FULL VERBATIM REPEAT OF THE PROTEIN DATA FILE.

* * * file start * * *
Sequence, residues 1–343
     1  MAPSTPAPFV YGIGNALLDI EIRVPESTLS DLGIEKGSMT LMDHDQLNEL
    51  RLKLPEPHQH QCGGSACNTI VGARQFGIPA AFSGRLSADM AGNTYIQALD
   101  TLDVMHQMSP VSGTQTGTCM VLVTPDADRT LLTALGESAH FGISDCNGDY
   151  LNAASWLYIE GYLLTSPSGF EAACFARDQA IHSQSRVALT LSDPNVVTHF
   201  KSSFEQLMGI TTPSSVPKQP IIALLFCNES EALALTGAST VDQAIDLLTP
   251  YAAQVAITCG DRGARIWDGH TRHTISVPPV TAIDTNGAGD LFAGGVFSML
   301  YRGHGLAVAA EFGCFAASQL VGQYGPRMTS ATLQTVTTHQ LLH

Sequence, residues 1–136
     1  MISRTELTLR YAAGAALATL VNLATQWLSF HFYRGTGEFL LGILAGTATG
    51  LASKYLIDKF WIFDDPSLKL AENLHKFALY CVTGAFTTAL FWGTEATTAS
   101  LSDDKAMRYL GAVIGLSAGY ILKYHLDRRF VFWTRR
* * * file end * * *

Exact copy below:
Sequence, residues 1–343
     1  MAPSTPAPFV YGIGNALLDI EIRVPESTLS DLGIEKGSMT LMDHDQLNEL
    51  RLKLPEPHQH QCGGSACNTI VGARQFGIPA AFSGRLSADM AGNTYIQALD
   101  TLDVMHQMSP VSGTQTGTCM VLVTPDADRT LLTALGESAH FGISDCNGDY
   151  LNAASWLYIE GYLLTSPSGF EAACFARDQA IHSQSRVALT LSDPNVVTHF
   201  KSSFEQLMGI TTPSSVPKQP IIALLFCNES EALALTGAST VDQAIDLLTP
   251  YAAQVAITCG DRGARIWDGH TRHTISVPPV TAIDTNGAGD LFAGGVFSML
   301  YRGHGLAVAA EFGCFAASQL VGQYGPRMTS ATLQTVTTHQ LLH

Sequence, residues 1–136
     1  MISRTELTLR YAAGAALATL VNLATQWLSF HFYRGTGEFL LGILAGTATG
    51  LASKYLIDKF WIFDDPSLKL AENLHKFALY CVTGAFTTAL FWGTEATTAS
   101  LSDDKAMRYL GAVIGLSAGY ILKYHLDRRF VFWTRR